Low End PC Performance Guide: Borderlands 2
The first Borderlands is a big success, thanks to its massive world with variety of creatures, the bazillion guns, comic-style graphics, and its humor. Gearbox Software released Borderlands 2 with more from the first one, with new characters and little customization. Like the first one, it also uses heavily modified Unreal Engine 3, but with the addition of Physx effects, meaning you have more and realistic effects like cloth, blood, fluids, and explosions, available only with NVIDIA video cards.
TEST SYSTEM AND REQUIREMENTS
Our system scored P4766 points in 3DMark Vantage with 3802 GPU score and 20083 CPU score at Performance preset.
|Borderlands 2||Borderlands 1|
|Processor||Intel Celeron G550 2.6 GHz Dual-core||2.4 GHz Dual-core||2.4 Ghz or equivalent processor|
|Memory||2GB DDR3 1600MHz||2GB||1GB|
|Video Card||nVidia GeForce 9600GT 512MB DDR3 (Green Edition)||nVidia GeForce 8500GT||Geforce 7 series / Radeon HD 2400|
|Driver / Patch version||nVidia Forceware 306.97|
|Operating System||Windows 7 SP1 64-bit||Windows XP SP3, Windows Vista SP2 or Windows 7 SP1||Windows XP|
If you have played the first Borderlands with minimum requirements, you need to upgrade a little to play the second one; it’s been three years since.
IMAGE COMPARISON AND PERFORMANCE
All of the tests were initially set with the processor’s stock clock, 2GB of RAM, and with GeForce 9600GT. Within the game’s settings, Field of view set to 90, Vsync set to off and Framerate set to unlimited. We used 90–second Fraps up to three times (3x) to measure the frames per second from “Sawtooth Cauldron” level. Below is our benchmarking scene.
All tests were done with lowest settings at 1280×720 resolution.
The following is the image comparison of each setting along with its graph showing its performance impact.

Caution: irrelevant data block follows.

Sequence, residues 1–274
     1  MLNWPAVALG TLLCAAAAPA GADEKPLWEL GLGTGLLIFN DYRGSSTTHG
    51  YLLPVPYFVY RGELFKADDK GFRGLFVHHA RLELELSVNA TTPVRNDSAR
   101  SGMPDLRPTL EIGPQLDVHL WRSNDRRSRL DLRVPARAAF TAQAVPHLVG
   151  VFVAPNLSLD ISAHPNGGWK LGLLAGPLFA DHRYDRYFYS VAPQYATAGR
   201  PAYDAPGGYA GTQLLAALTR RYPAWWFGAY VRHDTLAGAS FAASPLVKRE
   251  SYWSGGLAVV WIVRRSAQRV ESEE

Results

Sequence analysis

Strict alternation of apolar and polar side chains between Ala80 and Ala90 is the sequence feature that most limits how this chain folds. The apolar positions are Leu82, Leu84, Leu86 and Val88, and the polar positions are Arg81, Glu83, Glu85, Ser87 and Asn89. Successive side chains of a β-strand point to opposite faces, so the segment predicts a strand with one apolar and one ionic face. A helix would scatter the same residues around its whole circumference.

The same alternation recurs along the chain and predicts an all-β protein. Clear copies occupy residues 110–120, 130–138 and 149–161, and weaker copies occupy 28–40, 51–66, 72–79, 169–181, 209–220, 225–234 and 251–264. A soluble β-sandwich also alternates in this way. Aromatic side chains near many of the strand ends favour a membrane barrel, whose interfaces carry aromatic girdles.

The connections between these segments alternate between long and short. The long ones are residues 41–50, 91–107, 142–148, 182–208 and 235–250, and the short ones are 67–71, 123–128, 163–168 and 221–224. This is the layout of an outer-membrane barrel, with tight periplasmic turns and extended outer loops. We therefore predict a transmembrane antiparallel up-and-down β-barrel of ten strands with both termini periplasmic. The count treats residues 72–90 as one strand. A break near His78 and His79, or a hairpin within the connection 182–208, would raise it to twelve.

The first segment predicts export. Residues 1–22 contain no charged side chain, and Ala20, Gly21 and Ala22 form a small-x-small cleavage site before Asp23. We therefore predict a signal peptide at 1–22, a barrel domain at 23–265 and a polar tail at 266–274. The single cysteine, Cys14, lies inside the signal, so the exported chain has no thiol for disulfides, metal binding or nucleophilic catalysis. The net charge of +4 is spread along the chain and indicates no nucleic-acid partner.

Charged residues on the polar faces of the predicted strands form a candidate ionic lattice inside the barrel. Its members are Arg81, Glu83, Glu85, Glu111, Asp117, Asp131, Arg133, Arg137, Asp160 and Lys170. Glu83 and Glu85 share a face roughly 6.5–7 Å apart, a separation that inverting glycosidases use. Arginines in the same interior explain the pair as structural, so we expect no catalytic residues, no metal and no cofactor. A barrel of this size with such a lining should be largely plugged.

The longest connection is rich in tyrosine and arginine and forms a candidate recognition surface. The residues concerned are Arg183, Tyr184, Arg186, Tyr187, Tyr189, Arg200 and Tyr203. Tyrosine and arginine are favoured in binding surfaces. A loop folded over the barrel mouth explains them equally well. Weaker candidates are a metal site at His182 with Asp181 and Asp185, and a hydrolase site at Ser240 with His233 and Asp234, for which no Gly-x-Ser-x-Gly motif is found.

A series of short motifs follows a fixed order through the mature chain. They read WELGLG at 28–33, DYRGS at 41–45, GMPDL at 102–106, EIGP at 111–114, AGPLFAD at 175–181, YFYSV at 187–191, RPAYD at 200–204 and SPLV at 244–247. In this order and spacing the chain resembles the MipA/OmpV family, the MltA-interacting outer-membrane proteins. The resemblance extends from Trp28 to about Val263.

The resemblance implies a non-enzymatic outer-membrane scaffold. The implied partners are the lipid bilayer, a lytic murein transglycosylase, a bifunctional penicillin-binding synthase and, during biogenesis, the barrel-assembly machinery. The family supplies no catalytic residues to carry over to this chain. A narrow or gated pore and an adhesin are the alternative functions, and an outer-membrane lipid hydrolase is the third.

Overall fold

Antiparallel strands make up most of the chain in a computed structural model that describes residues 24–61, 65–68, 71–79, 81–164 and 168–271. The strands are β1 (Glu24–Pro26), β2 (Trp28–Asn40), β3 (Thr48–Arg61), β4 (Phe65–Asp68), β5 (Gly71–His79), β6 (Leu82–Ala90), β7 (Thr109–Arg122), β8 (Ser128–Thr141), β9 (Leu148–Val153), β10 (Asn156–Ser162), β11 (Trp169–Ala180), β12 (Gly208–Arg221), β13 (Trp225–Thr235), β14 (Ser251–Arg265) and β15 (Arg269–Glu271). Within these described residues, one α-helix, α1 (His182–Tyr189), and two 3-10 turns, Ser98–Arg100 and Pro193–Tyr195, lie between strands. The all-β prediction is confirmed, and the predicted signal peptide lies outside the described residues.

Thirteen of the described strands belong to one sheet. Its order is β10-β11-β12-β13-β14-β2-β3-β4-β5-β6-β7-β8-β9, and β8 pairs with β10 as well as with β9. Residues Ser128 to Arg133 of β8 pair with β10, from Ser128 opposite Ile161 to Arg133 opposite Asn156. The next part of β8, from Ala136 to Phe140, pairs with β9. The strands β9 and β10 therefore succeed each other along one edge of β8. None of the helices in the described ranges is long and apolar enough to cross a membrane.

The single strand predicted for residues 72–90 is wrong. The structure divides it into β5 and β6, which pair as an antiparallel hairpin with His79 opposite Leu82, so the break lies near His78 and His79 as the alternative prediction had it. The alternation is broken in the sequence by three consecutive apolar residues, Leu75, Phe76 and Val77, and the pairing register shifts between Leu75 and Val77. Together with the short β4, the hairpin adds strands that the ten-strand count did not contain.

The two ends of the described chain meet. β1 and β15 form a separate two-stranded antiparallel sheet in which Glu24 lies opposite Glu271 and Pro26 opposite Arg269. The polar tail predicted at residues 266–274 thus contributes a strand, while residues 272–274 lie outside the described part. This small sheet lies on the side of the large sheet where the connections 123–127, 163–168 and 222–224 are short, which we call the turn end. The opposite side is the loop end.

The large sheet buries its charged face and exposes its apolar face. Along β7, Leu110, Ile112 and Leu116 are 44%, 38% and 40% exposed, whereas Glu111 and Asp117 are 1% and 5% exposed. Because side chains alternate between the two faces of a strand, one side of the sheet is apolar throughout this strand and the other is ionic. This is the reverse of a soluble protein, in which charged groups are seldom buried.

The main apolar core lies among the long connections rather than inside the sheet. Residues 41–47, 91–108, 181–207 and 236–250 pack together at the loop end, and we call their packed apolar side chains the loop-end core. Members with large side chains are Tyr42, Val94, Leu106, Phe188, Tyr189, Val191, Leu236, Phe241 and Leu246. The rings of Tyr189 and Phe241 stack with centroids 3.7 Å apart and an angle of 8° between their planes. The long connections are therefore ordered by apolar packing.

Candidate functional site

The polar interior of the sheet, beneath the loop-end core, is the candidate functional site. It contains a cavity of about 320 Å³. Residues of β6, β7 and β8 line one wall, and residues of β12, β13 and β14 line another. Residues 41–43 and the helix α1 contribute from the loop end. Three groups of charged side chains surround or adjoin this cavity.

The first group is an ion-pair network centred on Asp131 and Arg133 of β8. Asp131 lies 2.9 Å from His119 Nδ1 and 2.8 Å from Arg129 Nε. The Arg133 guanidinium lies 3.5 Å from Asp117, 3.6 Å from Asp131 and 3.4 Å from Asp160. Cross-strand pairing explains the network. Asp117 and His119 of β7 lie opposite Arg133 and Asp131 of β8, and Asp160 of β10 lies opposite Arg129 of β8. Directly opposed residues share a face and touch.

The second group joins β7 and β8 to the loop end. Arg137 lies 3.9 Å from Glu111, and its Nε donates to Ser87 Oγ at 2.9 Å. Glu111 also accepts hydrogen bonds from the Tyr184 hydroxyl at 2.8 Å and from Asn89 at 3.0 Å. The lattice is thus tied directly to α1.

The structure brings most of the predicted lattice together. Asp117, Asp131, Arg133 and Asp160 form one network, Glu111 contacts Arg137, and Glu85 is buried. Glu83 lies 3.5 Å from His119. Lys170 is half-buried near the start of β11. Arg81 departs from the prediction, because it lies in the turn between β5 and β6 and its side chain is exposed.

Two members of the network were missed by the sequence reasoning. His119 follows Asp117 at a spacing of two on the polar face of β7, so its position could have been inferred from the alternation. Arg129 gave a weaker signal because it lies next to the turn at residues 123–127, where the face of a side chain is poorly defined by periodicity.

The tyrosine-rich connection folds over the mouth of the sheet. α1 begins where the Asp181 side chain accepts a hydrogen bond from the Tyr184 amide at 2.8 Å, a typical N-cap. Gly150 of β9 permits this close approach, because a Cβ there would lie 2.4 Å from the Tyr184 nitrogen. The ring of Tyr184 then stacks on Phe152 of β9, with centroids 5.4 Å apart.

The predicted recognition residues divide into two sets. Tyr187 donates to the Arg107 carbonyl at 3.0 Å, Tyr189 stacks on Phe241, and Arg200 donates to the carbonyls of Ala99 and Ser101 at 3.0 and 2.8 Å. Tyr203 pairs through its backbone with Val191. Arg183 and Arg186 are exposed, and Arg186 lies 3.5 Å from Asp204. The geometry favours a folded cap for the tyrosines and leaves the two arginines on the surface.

Filtering makes the ground texture more crispier and the paint in the middle of the road, becomes more visible. Turning this to 16x made no evident performance impact and we recommend to set this to either 8x or 16x.
There’s no visible difference between High and Normal settings. Turning this off remove the holes created by the bullets. The performance impact is minimal and we recommend setting this to Normal.
The difference is very visible, turning this setting to Near removes the grasses from afar and only shows that are near. The performance impact is very minimal and we recommend setting this on Far.
Texture Quality setting controls how the surfaces would look like. Setting this to Medium made the surfaces sharper and other details clearer. Setting this to High made it even sharper . There are no significant difference among the settings and we recommend setting this to High.
There are no visible differences among the settings and the performance impact is negligible. We recommend setting this to Low since there’s no visible change on the scene.
Ambient Occlusion gives additional shadows on corners and objects. Turning this On reduces the performance by 8 frames per second and we recommend turning this Off to boost the performance.